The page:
My Lords, the UK is very concerned about Gaza. We assess that around 1.6 million people are in need of humanitarian assistance. Households are receiving only five to six hours of electricity per day, there is limited access to safe water and power shortages are impeding health provision.
However, with all these things that we hear are going on in Gaza, does the Minister agree that its people have now for 10 years been suffering cruel and degrading treatment, which amounts to the collective punishment of nearly 2 million people, more than half of whom are children? How long must this go on? How long will it be before our Government take some action?
We are taking immediate action in the sense that we are providing humanitarian aid. The assistance that we are providing to UNRWA is helping some 1.1 million of the 1.9 million people who are there, but I have to say that the parties to the conflict must be the parties to the solution. There is an opportunity here in Gaza for its people to recognise the state of Israel, to renounce violence and to accept the agreements that are there to allow the situation to normalise and progress, as has happened in the Palestinian Authority areas. It is a desperate situation and we call on all those people to put the children, the women and the people of Gaza at the heart of their concerns.
My Lords, the Minister mentioned UNRWA. We know that at the end of last year the US threatened its funding of UNRWA, which does such vital work. The EU and United Kingdom are the second and third biggest funders. What discussions have the UK Government had with the US Government to ensure that they do not follow through on the threat of withdrawing such significant funds from UNRWA?
Our understanding is that of $125 million due to be paid to UNRWA in January, $65 million was withheld. We have made the consequences of doing that very clear to our US friends. We have also made clear our strong support for UNRWA. At the same time, the US rightly points out that it is responsible for a significant proportion of UNRWA’s budget. Whereas the UK, France, Germany and Saudi Arabia contribute around $60 million to $70 million, the US contributes some $360 million. The US has said that it wants more countries that are expressing concern about Gaza to reach into their pockets and put money into the situation as well. We continue to hope that the situation will be resolved very quickly, as we believe that the longer it goes on, the more damage it does to the people of Gaza and the Palestinian refugees for whom UNRWA is responsible.
My Lords, is my noble friend familiar with the case of Ahed Tamimi, the teenage Palestinian girl currently in custody and subject to a trial behind closed doors? Have any representations been made by Her Majesty’s Government in relation to this detained teenager? Do they have any concerns about reports that she may be subjected to sexual violence while in detention?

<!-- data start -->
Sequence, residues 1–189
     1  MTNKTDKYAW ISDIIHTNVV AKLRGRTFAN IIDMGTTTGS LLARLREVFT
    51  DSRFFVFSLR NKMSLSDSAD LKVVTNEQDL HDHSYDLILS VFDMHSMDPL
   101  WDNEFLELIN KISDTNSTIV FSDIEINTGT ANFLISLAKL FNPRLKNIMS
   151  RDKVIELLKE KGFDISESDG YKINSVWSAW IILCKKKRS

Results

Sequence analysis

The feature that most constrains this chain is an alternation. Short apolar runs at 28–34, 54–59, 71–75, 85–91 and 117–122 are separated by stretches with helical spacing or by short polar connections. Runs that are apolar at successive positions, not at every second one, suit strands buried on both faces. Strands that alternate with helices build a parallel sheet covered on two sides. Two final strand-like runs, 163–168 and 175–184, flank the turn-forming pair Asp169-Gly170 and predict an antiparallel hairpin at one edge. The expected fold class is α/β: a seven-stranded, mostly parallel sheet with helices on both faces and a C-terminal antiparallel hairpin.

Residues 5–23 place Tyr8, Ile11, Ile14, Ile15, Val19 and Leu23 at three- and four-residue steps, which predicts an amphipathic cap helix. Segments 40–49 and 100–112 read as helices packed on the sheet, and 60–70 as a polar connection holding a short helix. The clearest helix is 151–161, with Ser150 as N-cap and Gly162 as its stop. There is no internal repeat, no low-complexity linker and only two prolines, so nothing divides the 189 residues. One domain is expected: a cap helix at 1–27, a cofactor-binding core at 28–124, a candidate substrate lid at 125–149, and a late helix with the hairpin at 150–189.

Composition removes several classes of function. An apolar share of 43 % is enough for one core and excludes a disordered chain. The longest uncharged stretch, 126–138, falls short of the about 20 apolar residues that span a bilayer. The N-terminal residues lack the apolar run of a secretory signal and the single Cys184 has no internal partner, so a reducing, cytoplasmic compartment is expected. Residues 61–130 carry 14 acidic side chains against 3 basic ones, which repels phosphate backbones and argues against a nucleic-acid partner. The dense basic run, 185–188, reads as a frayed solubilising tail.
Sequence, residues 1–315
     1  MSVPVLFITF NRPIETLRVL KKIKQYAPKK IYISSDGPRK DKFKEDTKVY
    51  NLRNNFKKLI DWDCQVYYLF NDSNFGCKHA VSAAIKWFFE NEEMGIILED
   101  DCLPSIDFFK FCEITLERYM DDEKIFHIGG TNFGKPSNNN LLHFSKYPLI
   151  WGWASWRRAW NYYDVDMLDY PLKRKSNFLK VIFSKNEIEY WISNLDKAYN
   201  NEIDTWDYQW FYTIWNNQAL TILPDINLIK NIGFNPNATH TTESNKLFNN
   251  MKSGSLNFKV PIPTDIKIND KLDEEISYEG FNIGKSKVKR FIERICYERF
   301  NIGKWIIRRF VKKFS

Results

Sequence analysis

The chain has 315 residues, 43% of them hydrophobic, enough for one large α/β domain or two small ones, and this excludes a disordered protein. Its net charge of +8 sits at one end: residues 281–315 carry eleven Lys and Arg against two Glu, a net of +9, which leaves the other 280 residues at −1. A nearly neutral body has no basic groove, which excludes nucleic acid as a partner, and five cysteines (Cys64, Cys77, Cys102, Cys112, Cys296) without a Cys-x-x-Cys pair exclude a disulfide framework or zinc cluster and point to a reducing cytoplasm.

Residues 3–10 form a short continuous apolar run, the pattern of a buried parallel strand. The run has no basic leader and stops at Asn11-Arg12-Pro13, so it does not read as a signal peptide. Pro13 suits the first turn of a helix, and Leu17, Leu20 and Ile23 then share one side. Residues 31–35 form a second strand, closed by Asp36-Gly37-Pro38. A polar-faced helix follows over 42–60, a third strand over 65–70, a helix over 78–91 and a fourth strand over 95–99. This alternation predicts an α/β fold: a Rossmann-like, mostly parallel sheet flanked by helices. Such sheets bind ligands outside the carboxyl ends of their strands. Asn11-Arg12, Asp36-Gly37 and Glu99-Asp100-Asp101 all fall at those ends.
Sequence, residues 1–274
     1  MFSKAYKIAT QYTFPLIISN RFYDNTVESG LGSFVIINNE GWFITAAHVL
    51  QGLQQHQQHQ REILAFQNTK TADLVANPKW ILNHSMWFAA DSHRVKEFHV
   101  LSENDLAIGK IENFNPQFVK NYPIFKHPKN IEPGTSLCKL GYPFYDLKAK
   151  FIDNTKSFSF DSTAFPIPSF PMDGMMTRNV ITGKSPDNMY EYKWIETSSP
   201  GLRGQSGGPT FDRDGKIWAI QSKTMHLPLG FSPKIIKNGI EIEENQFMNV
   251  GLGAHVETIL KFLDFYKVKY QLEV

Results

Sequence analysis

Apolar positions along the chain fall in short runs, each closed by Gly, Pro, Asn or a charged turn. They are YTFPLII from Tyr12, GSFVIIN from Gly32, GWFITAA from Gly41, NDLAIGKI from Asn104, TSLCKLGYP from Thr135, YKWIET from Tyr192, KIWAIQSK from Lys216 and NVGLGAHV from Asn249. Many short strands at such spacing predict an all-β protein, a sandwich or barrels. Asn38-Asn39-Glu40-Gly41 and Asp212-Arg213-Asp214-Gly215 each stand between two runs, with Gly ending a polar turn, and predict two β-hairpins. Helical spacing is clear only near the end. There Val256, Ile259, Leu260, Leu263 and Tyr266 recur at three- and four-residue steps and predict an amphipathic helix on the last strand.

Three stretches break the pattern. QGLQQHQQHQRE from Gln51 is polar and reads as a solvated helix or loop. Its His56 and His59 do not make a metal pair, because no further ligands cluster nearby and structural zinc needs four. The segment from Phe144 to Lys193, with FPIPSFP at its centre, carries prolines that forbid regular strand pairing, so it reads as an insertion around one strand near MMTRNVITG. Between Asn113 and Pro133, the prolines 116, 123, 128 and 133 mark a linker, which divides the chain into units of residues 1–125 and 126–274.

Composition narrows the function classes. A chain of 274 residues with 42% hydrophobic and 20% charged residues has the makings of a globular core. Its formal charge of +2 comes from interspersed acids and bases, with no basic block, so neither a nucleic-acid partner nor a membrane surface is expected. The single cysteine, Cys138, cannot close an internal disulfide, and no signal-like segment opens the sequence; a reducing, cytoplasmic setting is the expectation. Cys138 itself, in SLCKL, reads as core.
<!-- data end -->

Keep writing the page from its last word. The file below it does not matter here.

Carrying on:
Those are very serious concerns. We are aware of the case. My noble friend will be aware, from her former distinguished role in the Foreign Office, that representations have been made. They have certainly been made at a diplomatic level. I believe they have also been made at a ministerial level but I will correct that if it is not the case. We remain very concerned about the situation and will be seeking its urgent resolution.
We continue to work through that, most importantly by trying to ease the effect of those restrictions. We are major funders of a body called the UN Access Coordination Unit. We are trying to work through that body to ensure that the majority of people who need medical treatment get access to it in a timely manner. But we remain very concerned about those reports.
My Lords, it is the turn of the Cross Benches.
My Lords, as a former chairman of Medical Aid for Palestinians, I entirely endorse the remarks of the noble Baroness, Lady Tonge. Do the Government realise the appalling effect of conditions in Gaza on Arab and Muslim opinion throughout the world? Do they give sufficient priority, effort and importance to tackling this abysmal situation? It has gone on for 10 or 20 years and it is appalling.
I certainly echo the view that it is absolutely appalling. The suffering in Gaza is a shame on humanity. Of course, the question then is: what do you do about it and who can unlock this process? We believe that the parties to the conflict have to come together and, in the interests of humanitarian need, resolve their differences. We believe that there is a possibility. We recognise that Israel has taken some steps down this road recently by easing some of the restrictions on access to construction materials. There has been some movement in Cairo in Egypt—of course, Egypt blocks the border to the south as well—where there have been some efforts at reconciliation between Fatah and Hamas. All the elements are there. It is frustratingly close. To see so much suffering continuing is a tragedy.
My Lords, given that the Government’s policy, and that of their predecessor, has for years rightly been to support a two-state solution, is it not something of an anomaly that we recognise only one state in the area? When will the Government give further consideration to the recommendation of this House’s International Relations Committee, which was that we should consider recognition of the state of Palestine? That would be a very significant step forward and give long-overdue dignity to the Palestinian people. When will the Government move in that direction?
It is a very sensitive situation and the noble Lord is right to raise the point. The answer to the very influential report that was prepared is to say that that recognition will come when we believe that it will contribute to helping the peace process. Our belief is that recognition at this stage would not be helpful in the Middle East peace process, continued work on which is our primary concern at this time.